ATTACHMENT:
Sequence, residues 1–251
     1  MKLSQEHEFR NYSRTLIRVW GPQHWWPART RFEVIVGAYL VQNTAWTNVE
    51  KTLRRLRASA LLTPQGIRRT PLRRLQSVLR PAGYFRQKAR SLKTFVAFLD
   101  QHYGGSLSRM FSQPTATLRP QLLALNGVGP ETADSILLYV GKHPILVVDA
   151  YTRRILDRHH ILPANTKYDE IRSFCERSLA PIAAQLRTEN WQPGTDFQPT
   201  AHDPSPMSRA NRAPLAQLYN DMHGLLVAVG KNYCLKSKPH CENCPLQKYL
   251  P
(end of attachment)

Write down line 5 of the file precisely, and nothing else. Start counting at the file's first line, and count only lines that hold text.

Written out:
   151  YTRRILDRHH ILPANTKYDE IRSFCERSLA PIAAQLRTEN WQPGTDFQPT